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You’ve talked about this thing being an experience beyond yourself, that you’re just the one who provided the framework for it.
Oh, yea? I mean, at this point, it’s something I’ve made and moved on from, sure it’s mine as much as anyone’s. And I am probably more curious what it is in the eyes of other people. Maybe you should tell me the answers.
What would you ask?
I think I’m fresh out of questions at this point—the whole process of making this movie was asking myself questions, trying out solutions that didn’t work. From the shooting process, where a crazy snowstorm derailed our original travel plans and thus our story arc, to the editing, where I had to put aside original intention and just put together the puzzle pieces I actually had, it was all questions. At the end of the day though, it’s really just a train ride that you take and hopefully enjoy because honestly I wish I was on a train most of the time. Anyway, I try to tell people not to over think it.
I was going to ask you about that clichÉ of the train ride as a kind of proto-cinema.
I don’t know, if you tried asking the commuters on their way home from work or drunks coming back from a baseball game, you could see if they think it’s a clichÉ that riding a train is like watching a movie, watching my movie is like riding a train. Just as long as you don’t mix them up. The movie’s just a movie, whatever else it wants to be.
The idea for the thing was a pretty cloudy one, which is how I’d like to work, or how I seem to work, at least. I sent friends an email and pitched the thing as a three-day collaborative filmmaking adventure, “to explore motion, romanticism of travel, technology + travel and landscape (out the window and at stops along the way) in concurrence with a more character driven narrative.” You said that I gave this ride a frame, but it really was the opposite: I picked a project that already had a framework in place, and of course, the movie itself became something else breaking that frame entirely. It’s the train thing, that the more determined the course, the less determined the course. The more fixed the frame, the more the elements seem to fluctuate. It’s like those Rousseau and Duras films. You can limit yourself to an Amtrak seat, a scummy window, and the sky, with the train fixed on its path, the camera fixed on the window, and think that everything’s under your control, when nothing is, except maybe the decision you haven’t made yet.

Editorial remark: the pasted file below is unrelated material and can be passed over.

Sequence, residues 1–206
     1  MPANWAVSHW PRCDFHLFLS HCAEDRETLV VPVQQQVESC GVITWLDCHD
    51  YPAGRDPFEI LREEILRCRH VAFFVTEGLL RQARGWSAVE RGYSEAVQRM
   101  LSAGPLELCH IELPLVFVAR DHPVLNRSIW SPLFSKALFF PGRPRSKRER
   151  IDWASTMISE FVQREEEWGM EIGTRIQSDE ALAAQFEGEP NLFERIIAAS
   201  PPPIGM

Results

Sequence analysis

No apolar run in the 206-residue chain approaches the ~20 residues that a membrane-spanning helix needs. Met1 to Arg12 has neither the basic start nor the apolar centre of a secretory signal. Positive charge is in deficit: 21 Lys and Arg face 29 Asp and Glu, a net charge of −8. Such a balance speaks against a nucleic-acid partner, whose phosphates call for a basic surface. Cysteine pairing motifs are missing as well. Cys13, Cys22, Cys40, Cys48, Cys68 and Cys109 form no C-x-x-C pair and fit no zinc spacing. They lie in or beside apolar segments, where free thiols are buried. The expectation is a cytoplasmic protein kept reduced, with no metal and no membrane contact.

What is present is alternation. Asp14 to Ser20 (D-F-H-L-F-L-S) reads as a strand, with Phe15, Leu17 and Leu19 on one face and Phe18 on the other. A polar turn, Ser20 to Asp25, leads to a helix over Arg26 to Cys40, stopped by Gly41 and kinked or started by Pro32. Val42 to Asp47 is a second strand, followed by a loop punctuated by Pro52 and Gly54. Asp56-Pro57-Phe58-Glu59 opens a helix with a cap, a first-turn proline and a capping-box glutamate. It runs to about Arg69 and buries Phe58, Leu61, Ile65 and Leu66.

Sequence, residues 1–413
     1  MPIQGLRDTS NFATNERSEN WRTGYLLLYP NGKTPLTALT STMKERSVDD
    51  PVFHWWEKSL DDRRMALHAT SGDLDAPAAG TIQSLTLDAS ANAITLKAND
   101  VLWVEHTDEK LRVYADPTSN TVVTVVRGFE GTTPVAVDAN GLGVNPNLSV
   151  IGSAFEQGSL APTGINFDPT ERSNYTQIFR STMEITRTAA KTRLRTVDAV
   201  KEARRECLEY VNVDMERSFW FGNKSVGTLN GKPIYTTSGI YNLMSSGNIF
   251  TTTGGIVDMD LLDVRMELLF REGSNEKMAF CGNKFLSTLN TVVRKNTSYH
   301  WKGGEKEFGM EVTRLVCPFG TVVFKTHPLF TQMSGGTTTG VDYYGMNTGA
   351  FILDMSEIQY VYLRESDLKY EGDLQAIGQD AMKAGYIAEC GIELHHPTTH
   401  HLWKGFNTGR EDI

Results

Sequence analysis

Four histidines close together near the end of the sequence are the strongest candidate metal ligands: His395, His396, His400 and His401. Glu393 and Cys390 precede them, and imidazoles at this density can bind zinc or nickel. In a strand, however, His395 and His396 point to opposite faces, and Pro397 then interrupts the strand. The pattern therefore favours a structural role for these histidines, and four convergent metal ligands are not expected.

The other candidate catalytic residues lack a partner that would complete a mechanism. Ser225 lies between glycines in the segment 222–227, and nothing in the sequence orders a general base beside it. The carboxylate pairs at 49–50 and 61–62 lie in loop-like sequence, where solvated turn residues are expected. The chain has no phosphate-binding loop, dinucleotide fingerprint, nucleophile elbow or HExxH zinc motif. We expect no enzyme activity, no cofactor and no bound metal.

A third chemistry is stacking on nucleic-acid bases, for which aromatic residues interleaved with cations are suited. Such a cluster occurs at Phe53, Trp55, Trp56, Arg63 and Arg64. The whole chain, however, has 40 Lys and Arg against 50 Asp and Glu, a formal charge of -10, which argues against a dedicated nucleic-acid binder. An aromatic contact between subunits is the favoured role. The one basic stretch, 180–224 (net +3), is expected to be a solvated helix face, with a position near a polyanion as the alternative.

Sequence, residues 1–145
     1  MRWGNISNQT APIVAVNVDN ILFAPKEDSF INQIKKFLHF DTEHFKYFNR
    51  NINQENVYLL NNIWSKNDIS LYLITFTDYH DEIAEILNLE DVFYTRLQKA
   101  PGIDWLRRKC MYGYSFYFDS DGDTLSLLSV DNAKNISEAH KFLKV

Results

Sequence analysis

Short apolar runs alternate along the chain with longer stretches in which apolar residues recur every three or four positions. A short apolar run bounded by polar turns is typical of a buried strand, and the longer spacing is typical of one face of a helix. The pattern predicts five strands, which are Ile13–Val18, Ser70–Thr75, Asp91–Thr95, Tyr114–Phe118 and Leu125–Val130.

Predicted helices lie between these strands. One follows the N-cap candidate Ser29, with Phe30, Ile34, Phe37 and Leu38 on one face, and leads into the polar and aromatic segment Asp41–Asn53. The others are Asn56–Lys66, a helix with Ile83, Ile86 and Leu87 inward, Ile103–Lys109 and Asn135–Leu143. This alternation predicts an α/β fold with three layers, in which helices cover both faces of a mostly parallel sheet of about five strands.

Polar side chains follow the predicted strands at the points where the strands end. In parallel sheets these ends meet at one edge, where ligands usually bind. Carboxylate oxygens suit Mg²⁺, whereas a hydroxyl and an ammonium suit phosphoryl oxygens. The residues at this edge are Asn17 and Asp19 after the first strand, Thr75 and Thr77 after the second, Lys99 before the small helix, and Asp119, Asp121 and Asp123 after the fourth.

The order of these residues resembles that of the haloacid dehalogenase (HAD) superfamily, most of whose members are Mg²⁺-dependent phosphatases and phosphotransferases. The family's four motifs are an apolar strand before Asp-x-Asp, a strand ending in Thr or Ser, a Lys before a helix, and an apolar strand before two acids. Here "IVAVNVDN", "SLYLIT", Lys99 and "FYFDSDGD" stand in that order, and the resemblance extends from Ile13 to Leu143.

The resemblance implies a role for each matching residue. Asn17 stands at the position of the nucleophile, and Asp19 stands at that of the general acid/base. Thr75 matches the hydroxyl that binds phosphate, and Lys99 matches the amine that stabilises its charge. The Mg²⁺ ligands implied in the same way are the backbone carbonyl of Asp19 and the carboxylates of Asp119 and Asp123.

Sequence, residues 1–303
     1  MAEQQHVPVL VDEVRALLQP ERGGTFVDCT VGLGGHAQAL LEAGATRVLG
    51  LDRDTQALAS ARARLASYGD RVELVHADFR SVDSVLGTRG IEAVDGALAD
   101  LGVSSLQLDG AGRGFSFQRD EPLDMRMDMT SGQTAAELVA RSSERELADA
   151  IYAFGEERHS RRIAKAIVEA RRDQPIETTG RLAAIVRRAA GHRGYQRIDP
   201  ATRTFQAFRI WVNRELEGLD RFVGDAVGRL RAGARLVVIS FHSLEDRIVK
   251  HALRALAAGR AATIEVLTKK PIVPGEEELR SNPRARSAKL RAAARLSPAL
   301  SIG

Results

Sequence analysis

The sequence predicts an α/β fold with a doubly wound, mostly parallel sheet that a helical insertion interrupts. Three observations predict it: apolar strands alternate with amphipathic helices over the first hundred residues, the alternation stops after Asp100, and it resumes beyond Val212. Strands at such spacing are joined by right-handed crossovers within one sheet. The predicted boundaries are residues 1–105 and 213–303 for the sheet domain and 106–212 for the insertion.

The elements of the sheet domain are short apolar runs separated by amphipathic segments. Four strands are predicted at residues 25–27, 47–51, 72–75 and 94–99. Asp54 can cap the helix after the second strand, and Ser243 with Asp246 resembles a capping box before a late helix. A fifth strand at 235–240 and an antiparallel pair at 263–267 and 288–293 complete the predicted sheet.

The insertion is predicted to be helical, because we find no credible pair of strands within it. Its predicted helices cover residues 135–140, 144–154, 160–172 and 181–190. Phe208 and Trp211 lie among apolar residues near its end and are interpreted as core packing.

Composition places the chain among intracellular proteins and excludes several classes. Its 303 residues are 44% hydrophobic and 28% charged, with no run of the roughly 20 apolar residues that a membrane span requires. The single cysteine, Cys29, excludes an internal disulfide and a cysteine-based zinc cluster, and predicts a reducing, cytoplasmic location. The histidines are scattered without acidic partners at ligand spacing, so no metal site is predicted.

It feels like a place you’re going with your movies, using these tight structures as a way of relinquishing control. God does the lighting, Amtrak does the sound.
I don’t know if I believe in either God or Amtrak.
Maybe Amtrak. We had this great ticket taker on the trip who, judging from her voice, must have smoked at least three packs a day. A few months after the we shot the movie I was taking the train back to Ohio to visit my family and brought a sound recorder to try and recapture various sounds, including the story of the Horseshoe Curve that you hear during the opening of the movie, and the first thing I heard when I boarded the train was that woman’s wonderful voice.
But, let me finish what I was getting at earlier.